Council to hold public hearing on revised tax ordinance

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BAGUIO CITY – The city council will be conducting a one-time sweeping public hearing sometime in April or May in order to gather the individual and collective sentiments of the people on the proposed revised tax ordinance of the city government before acting on the same.

The one-time sweeping consultation was agreed upon by the members of the city council Monday in order to get the position papers of the different groups regarding the pending ordinance that fixes the real property and business taxes being collected by the city government from its constituents.

The council is looking at the Baguio Convention Center as the venue for the public hearing in order to accommodate as many interested individuals and groups who will participate in discussing the proposed increase in the city’s real property and business taxes.

Several councillors proposed that the public hearing be done the soonest so that they could subsequently act on the same but the Baguio Convention Centers seems to be fully booked and that the only available vacant date would fall in April, thus, the proposed public hearing will be scheduled as soon as the government facility will be vacant.

The council was forced to deliberate on a proposed ordinance increasing the city’s real property and business taxes after the Cordillera office of the Bureau of Local Government Finance (BLGF-CAR) rated the performance of the city as poor in economic resiliency for its failure to update its real property tax schedules and business taxes for nearly two decades now.

It can be recalled that the city government was only able to update its real property taxes in 1998 and its business taxes in 2000 which in violation of the provisions of the Local Government Code that mandates local government units to update their real property schedules every five years and their business taxes every three years.

The council wants to observe the necessary process in the conduct of public consultations in relation to the proposal to increase real property and business taxes in order to prevent the ordinance from again being questioned by concerned interest groups.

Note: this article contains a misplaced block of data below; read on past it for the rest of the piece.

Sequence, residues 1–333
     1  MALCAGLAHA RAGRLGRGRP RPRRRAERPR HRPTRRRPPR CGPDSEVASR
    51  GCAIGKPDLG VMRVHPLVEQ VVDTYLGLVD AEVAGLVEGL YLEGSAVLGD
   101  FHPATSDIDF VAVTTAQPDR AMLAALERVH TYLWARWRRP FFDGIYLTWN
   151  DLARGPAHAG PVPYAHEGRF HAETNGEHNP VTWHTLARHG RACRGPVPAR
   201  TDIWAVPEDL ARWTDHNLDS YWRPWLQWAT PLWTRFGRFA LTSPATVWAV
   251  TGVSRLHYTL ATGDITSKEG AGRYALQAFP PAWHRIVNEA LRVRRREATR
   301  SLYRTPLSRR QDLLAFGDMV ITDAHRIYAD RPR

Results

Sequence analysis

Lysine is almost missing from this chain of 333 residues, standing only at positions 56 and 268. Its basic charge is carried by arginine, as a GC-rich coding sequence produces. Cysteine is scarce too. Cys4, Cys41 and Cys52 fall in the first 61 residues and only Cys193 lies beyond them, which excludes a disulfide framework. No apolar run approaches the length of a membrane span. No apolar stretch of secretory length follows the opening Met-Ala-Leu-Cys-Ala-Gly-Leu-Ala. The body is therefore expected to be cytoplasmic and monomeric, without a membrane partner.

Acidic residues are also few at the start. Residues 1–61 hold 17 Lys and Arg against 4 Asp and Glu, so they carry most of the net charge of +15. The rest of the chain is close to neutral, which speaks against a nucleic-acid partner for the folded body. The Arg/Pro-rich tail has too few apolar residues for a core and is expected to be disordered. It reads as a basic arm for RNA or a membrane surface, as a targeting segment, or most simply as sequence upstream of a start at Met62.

In 1995, the city government passed an ordinance denominated as Ordinance No. 95-001 increasing the city’s business taxes but the same was questioned until it was retrained by the courts after finding that the local tax measure did not undergo the required public consultations. The city was then constrained to pass an amendatory ordinance which was denominated as Ordinance No. 2000-001 which is now serving as the basis for the collection of local taxes.

The city placed 19 among 136 cites in terms of economic resilience due to the failure of the local government to update its tax measures to conform with the prevailing situation and placed 15 overall after placing 9th in good governance and 21st in infrastructure development.

Mayor Mauricio G. Domogan is optimistic that the city council will be able to pass the new tax ordinance the soonest so that the city will be able to compete in the assessment of the competitiveness of cities by the later part of this year and will be able to improve its standing in the coming years.

He said taxes are the lifeblood of the government and local residents are obliged to pay their taxes due to the city government to allow the increased implementation of projects and enhanced delivery of basic services. By Dexter A. See

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